This is a double anomaly.  Not only is sort not pluralised after those (as it usually would be) but it is also followed by a plural verb form, breaking the cardinal rule.  It's clumsy, however, and most speakers would get around it with something like
    Books of that sort are not recommended for children
which maintains the plural verb (are) for a plural subject (books).
Good manners is a rarity
eye open
This is arguably not strange at all if the speaker considers manners to be a singular noun (clearly, it is not the plural of manner here).  At worst it's an example of notional concord but the alternative:
    Good manners are a rarity
sounds odd to some people.
Everyone thinks they know the right answer
eye open
English does not have a pronoun for singular people unmarked for gender so this is a way of getting around the awkward he or she construction.  It's acceptable in informal speech but re-phrasing will get around it in formal speech and writing.
It is not a question of noun-verb concord so much as noun-pronoun concord.
The indefinite pronoun
everyone is singular so there's nothing amiss with the verb form.  The problem lies with using they for a singular referent.
The group who were asked to decide couldn't do so
The group which was asked to decide couldn't do so
eye open
This is another interesting anomaly in English to do with notional concord.  If we treat the group as personal, using who as the relative pronoun, we use the plural form of the verb.
If we treat the group impersonally, using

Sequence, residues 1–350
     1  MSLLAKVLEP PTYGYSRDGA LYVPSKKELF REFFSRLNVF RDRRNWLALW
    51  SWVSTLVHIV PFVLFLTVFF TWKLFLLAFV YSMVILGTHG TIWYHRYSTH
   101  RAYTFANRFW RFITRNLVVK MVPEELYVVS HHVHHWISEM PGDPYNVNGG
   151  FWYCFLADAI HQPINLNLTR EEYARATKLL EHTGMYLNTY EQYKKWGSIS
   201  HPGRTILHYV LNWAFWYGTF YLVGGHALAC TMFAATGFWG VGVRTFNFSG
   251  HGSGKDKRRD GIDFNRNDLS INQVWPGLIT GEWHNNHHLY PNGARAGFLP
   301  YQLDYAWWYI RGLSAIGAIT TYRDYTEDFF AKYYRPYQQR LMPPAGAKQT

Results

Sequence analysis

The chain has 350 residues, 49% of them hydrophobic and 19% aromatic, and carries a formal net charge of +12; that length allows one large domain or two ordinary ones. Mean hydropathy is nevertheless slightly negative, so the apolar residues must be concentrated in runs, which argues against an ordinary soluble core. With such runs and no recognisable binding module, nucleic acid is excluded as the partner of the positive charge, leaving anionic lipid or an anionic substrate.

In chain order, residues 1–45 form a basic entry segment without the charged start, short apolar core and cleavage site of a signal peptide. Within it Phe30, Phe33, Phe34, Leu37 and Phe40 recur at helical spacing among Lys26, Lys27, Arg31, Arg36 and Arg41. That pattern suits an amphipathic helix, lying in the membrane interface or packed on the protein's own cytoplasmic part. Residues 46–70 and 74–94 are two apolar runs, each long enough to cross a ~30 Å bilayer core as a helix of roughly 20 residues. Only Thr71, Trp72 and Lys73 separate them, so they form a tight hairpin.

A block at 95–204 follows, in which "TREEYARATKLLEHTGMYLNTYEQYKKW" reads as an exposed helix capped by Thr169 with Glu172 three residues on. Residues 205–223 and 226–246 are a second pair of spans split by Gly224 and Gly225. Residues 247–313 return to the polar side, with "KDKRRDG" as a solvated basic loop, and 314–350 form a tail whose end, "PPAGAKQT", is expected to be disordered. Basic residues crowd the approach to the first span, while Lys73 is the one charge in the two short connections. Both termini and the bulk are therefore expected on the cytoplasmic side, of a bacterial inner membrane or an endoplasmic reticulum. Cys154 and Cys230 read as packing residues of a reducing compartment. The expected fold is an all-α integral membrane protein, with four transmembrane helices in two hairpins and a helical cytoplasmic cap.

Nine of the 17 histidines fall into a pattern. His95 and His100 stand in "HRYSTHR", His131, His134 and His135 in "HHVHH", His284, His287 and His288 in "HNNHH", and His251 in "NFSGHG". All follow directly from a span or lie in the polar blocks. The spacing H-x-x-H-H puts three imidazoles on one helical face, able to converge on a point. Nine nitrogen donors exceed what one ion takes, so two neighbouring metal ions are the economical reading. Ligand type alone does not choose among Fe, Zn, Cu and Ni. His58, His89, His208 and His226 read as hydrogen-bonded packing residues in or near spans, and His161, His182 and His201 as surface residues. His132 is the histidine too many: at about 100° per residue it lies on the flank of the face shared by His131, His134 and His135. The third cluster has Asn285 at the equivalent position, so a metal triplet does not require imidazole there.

which as the pronoun, we prefer the singular.
None of them are here yet
Neither she nor her children are coming
Either of the boys are welcome
eye open
All of these are examples of proximity concord because each verb is preceded by a plural entity.
Speakers will often select the plural verb form, especially in informal language.
Strictly, the verb should be singular in all cases because the verbs' subject are
none (i.e., not one), neither and either respectively.
Compare, for example:
    One of the girls comes by bicycle
in which proximity concord cannot operate so:
    *One of the girls come by bicycle
is always unacceptable in standard English.


Proximity and notional concord rule, OK?

Or should that be 'rules'?

If we conceive of the term proximity and notional concord as a single concept, then it should be treated as a singular subject noun phrase.  If we think of it as two subjects, then it's plural.
There are a few considerations of the times when strictly grammatical concord is overruled by the effect of proximity and notion:

collective nouns
nouns referring to a collection of people or objects are frequently combined with plural forms of the verb and pronouns, especially in speech where the constraints of grammar are less strongly felt.  This is a form of notional concord.  For example: